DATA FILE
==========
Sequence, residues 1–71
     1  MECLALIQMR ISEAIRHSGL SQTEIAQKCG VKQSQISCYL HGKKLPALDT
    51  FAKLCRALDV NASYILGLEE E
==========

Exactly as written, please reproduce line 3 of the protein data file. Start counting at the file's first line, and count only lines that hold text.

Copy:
    51  FAKLCRALDV NASYILGLEE E